Chicago Theatre Review
Church and Sexuality /Souls Bared
Bare: A Pop Opera – Refuge Theater Project at Epworth United Methodist Church
In the current rendition of this 2000 musical by Damon Instrabartolo and Jon Hartmere, its all about the found church space. As I sat in my pew, I thought, “It’s a church. It will be nice to see a show in this setting.” What I didn’t realize at the time is how much the church setting, not only accented the story line; but at the same time, faded into the story like the cover of a good (real) book. The action takes place everywhere among the church. The pews, the choir loft, the aisles are all enthusiastically used. It is effective and well done. It was sometimes uncomfortable seeing sexuality played out under a giant cross.
The musical sounds that fills the church is delightful as well.
The young and talented cast brings a beautiful blended sound to the show. Some microphone problems occurred and sometimes the lyrics got muffled when the cast was moving and dancing. But when the ensemble came together for some of the more solemn numbers, I got goosebumps. There were some solo numbers that were outstanding. Molly Coleman as Ivy singing “All Grown Up” and Christopher Ratliff’s Jason tender “Once Upon a Time” were show stoppers.
This young and talented cast sang and acted with great commitment and honesty. They were all the right ages and the voices were all very strong. Some microphone cues seemed slow at first, but they managed to master the board by the end.
I thoroughly enjoyed the musical numbers and the musical in general. The band was fantastic. Thank you Michael Evans. There are a fair number of songs of course, it is a pop opera. I think the pacing was sometimes to blame when it came to the length of the show. It would be hard to take any numbers out, but a quicker recovery between scenes and songs might help.
As far as the book goes, it does not feel contemporary. That is to say it doesn’t feels wrong either. The story is a good one, and anyone who grew up gay with catholic church at your heals will appreciate the conflicting emotions of Bare’s two main characters. The story is a simple one of love, rebellion against authority, and all set with the backdrop of St. Cecilia’s Boarding School. The love part is not so simple. High school’s awkward age, unsure sexual feelings, and the churches unbending rules move our characters to desperate measures and what seem like illogical choices.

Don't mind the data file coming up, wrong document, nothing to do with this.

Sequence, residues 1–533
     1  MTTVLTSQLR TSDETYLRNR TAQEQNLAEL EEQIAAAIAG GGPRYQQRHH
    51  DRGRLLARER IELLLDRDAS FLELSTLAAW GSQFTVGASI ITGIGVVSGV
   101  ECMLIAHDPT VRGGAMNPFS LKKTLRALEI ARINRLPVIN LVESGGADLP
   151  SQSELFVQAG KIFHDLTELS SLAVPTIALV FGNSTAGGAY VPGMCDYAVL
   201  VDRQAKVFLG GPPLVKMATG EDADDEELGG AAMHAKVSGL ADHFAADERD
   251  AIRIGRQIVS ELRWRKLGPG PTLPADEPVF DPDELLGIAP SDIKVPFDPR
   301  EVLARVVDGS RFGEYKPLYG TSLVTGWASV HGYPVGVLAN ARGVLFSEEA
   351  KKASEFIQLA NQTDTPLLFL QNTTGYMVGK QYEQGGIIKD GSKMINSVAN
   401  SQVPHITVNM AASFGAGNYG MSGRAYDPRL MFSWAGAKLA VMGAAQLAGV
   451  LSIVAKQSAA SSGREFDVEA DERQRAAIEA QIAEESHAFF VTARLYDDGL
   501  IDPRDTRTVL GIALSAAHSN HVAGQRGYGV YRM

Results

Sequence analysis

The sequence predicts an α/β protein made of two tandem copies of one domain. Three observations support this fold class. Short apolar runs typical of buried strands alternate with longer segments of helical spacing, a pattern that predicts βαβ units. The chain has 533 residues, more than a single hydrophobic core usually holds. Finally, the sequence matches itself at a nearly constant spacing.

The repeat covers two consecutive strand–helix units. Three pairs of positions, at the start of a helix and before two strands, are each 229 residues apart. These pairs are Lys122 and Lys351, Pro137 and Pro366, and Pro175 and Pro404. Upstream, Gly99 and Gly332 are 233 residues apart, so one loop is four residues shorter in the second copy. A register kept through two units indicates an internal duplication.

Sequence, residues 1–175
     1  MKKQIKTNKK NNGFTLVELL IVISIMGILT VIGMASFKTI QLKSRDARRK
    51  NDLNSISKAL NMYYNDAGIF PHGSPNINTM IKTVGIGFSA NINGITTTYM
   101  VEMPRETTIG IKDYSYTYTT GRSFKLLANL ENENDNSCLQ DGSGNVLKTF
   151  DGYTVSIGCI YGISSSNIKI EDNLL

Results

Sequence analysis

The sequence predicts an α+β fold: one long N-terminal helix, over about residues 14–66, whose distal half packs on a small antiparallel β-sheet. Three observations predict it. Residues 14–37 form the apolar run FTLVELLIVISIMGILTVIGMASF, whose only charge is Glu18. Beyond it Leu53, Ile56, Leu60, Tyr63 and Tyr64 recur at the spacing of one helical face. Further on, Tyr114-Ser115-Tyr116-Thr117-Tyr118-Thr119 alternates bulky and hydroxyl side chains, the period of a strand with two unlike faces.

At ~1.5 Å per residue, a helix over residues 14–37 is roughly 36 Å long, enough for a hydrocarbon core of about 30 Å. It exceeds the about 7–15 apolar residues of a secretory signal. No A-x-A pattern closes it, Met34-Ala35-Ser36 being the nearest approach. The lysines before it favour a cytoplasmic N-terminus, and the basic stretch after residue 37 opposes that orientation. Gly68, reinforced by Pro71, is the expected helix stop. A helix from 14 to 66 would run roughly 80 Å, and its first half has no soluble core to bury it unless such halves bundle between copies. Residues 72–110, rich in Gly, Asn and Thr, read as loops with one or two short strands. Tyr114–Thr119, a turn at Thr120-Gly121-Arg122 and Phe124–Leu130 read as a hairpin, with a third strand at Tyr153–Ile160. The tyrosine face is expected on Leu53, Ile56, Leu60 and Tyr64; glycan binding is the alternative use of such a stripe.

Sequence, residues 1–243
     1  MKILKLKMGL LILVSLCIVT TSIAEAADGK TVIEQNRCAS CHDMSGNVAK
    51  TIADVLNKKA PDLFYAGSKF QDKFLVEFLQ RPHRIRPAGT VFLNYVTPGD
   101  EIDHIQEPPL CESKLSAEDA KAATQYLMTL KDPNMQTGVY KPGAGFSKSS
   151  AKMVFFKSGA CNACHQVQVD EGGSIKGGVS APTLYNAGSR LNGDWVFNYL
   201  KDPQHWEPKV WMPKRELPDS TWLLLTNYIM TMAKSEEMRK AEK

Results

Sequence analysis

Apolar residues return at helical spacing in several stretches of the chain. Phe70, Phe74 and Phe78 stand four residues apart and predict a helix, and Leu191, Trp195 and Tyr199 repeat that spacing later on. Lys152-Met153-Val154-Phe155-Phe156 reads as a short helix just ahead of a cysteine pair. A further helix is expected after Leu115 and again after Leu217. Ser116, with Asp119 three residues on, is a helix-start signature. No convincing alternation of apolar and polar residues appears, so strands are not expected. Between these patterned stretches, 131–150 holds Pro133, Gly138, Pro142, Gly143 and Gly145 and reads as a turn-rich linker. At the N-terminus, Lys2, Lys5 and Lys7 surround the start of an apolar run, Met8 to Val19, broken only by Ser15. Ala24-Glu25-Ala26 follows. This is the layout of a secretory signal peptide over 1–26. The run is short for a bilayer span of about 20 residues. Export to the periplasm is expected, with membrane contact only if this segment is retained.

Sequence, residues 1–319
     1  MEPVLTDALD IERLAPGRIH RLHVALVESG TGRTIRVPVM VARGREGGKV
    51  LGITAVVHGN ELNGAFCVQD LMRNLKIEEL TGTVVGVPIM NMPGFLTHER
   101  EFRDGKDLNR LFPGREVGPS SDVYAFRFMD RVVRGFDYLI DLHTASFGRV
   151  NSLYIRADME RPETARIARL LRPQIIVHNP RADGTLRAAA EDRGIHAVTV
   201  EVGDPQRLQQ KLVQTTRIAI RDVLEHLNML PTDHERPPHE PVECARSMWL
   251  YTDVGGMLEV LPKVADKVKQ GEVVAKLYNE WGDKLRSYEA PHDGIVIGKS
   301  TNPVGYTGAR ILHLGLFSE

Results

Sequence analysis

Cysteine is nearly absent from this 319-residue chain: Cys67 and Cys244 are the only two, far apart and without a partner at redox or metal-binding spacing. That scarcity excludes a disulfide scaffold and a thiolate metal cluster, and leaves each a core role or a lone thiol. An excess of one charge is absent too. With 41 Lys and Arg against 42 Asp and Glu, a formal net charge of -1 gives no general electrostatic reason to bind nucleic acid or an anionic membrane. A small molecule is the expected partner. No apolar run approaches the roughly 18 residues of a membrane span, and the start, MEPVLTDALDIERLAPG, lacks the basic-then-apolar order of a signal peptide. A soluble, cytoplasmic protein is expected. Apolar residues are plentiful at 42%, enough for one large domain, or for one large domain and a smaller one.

Peter (well played by Lewis Rawlinson) is in love with Jason. Jason cannot reconcile his love for Peter. He must prove to himself he is straight for school and church. He befriends and beds Ivy with complicated results.(The scene and song was reminiscent of Spring Awakening, just to put it in context.) Ryan Armstrong’s Matt was marked and sincere. Ryan has a beautiful voice. Matt’s attempts to woo Ivy but are thwarted by Jason. Matt is frustrated and ultimately outs Peter and Jason’s somewhat hidden relationship at school.
Other students fill the halls, Jason’s plus size sister Nadia feels an outsider at school. She address this straight away in the song “Plain Jane Fatass” Gina Francesa has the pipes to fill the space even with mic problems. She sold every song.
Another stand out is A Nikki Greenlee as Sister Chantelle and the BVM. She has some of the best lines in the show. She brought energy and a lightness when needed.
Shaun Baer as the dark and unrelenting priest brings his rich voice and foreboding presence to mark the churches omnipresent importance to these young minds.
The overall impact of this show rings so true. These desperate young people driven to choices by unrelenting beliefs and fear. They receive no help from the church they believe in and so they are thrust into confusion.
This show works well and will resonate with audiences. It is not perfect, but there is something about it being in the church, with lovely voices, and the contemplative nature of the story that will bring you a melancholy satisfaction.
Refuge Theatre Project has a promising future.
Bare runs through November 6 at Epworth United Methodist Church. 5253 N Kenmore Ave. Tickets available online at www. refugetheatre.com
Reviewed by Lazlo Collins
Additional information about this and other area productions can be found by going to www.theatreinchicago.com.